--- Sinclair Lewis
There's no 9 to 5 at the office for cow-calf producers during snowy, winter days. Sinclair Lewis probably wasn't referring to farming or ranching. But he could have been.
The normal feeding routine is complicated by the snowing and blowing of a wintry day.
The photos were taken in the morning on February 8, before there was 10 inches of snow on the ground. But they do illustrate the process that Randy and Jake undertake each day to feed and care for our cattle, whether the day brings sun, rain, snow or sleet. The Postal Service has nothing on these guys!
The photographer missed the first step, but the guys had loaded grain into the bottom of the feed truck before adding the silage on top. This photo was obviously taken another day, but this grain bin is where we store grain for the cattle during the winter.
After Randy got to the pasture, he unlatched the fence into the trench silo. The fence keeps the cattle out of an all-you-can-eat buffet of silage, which we had harvested in September.
Randy used the bucket on the loader tractor to pick up the silage.
Then he deposited it in the feed truck.
The silage "steams" in the back of the feed truck. It goes from the "hot house" where it is fermenting and reacts to the cold - just like we see our breath on cold days.
After Randy dumped three bucket loads into the feed truck, he got another load, which he deposited in the old feeder in the Peace Creek pasture.
(This cow was watching the process from the feed bunk, where she was waiting for dinner to be served.)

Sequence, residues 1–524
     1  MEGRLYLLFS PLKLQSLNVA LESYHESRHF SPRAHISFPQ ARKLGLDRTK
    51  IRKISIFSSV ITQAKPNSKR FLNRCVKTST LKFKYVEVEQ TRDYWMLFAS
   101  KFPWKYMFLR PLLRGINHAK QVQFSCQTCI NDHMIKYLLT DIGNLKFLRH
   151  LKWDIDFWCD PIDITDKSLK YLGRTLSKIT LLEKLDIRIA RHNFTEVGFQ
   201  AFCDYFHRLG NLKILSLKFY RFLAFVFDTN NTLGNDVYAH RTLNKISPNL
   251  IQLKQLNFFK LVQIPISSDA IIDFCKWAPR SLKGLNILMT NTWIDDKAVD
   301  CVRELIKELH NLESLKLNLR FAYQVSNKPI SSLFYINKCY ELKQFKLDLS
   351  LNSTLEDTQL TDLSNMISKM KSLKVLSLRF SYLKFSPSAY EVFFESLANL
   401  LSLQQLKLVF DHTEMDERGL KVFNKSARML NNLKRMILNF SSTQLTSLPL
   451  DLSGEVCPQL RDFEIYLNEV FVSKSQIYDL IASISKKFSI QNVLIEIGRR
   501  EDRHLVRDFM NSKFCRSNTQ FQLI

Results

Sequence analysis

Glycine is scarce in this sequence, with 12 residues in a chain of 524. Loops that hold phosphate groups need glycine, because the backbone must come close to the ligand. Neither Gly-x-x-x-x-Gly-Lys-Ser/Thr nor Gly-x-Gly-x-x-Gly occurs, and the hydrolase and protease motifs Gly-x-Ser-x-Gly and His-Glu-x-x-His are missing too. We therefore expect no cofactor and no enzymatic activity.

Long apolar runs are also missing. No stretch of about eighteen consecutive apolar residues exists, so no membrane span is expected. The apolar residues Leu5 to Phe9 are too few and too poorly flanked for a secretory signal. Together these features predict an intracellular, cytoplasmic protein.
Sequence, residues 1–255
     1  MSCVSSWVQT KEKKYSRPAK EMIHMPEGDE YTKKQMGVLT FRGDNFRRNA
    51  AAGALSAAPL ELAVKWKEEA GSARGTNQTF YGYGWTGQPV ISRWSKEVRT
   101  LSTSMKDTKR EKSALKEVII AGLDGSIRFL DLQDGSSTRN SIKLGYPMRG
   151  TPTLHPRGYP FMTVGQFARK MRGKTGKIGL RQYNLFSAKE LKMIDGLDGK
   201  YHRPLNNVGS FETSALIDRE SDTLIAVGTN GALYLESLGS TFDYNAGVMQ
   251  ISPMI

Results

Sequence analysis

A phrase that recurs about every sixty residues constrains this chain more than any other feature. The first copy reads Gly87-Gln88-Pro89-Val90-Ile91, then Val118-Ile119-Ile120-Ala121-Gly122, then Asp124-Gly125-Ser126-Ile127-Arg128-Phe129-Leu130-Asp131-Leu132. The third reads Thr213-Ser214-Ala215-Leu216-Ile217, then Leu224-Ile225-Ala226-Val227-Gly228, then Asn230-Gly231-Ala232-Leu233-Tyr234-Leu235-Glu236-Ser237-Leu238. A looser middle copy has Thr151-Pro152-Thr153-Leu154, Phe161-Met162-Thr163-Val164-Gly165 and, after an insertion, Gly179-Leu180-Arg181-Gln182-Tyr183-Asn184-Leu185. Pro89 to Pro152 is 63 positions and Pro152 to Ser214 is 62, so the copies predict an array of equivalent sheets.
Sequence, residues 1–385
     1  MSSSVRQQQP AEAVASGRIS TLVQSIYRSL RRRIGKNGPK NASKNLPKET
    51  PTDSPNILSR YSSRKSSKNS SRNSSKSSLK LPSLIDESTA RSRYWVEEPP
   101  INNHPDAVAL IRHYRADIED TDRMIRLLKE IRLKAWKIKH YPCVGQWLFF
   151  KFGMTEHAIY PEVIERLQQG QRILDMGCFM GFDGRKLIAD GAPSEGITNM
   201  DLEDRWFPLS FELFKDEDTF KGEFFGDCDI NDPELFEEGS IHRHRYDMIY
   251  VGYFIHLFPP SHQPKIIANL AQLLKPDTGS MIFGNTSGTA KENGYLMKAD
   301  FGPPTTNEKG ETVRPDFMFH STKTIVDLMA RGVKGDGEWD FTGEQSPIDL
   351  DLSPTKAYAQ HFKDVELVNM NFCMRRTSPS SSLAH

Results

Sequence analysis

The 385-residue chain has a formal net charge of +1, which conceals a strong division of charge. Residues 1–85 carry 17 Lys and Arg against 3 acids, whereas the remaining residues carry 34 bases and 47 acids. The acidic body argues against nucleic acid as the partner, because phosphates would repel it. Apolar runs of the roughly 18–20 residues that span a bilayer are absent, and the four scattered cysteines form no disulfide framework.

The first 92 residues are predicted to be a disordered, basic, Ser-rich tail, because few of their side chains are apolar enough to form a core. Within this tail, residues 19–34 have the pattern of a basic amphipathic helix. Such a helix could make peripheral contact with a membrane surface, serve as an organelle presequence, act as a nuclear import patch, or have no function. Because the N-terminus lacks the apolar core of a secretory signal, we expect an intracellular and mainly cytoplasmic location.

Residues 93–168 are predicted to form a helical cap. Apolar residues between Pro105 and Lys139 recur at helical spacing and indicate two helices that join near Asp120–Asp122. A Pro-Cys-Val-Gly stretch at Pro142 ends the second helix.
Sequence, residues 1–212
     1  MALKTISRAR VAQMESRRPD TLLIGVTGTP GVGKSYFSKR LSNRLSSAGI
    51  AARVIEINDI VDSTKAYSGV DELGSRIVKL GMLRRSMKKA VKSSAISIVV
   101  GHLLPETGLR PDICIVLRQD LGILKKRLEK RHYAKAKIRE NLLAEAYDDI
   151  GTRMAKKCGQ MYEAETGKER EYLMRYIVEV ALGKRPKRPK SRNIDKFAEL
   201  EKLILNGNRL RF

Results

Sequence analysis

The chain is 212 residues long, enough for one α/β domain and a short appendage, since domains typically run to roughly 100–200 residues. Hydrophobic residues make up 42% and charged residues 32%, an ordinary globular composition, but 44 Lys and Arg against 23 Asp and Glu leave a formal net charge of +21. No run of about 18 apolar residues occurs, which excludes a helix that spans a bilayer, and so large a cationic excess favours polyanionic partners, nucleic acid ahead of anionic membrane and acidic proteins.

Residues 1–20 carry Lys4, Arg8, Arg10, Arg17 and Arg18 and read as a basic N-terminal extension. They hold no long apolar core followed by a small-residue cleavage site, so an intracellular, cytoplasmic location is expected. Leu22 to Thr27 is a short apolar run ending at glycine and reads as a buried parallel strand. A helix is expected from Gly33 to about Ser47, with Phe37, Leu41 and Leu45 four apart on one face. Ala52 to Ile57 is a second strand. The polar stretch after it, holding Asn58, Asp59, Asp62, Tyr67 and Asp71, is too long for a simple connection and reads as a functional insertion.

Jake drove the truck to the pasture where we keep the feeder calves. These are the calves born last January and February on the County Line. We weaned them from the mothers last November. We will sell them at Pratt Livestock in March. They should weigh 650 to 700 pounds each when they are sold.
Jake drove along the line of feed bunks and augered the grain into them. Dinner is served!
You can't see them, but there is a line of feed bunks down the center of this shot. The feed truck signals that it's time to belly up to the "table."
We have cattle at four different locations during the winter. Some of those locations have water available, either at a creek or at a water well. But we have to haul water to one location. We have a 1,000-gallon water tank which we put in the back of a grain truck during the fall and winter months.
This photo was taken in the morning on February 8, when the snow was just starting to accumulate. By the time the storm dumped around 10 inches of snow, Randy & Jake had trouble even getting to the lot through the snowdrifts.
The water tank has a valve at the back, which Jake opened to let the water flow into the tank in the corral.
They must not have been too thirsty, since they didn't run right over for a drink.
The guys also feed hay at every location. They use a tractor with a hay fork on the back of it. They can carry two big round bales at one time. They feed both alfalfa and sudan bales.
Randy used the loader to set the bale upright.
And then Jake removed the net wrap and rolled the feeder over the top of the bale and into place.
It takes several trips to get the mission accomplished at all four locations.
But on a snowy, winter day, the cattle were ready for some grub.
You need to keep your energy up when you're trying to stay warm ... and feed a baby.
We had two more calves from heifers last night - with the temperatures at -12. Thankfully, both babies arrived in the barn, but it is still mighty cold in there. Randy spent part of his night sitting in the pickup with the heater on high, trying to warm up a 70-pound passenger.
It's hard to believe, but the temperature is supposed to get up in the high 50s or even low 60s this weekend. Let's hope lots of mamas have babies during this break in the weather!
We're thankful for the moisture the melting snow will bring to the wheat crop, but that same moisture will make a muddy mess in the cattle lots. So, it will be a challenge of a different sort over the next few days. Never a dull moment on the County Line!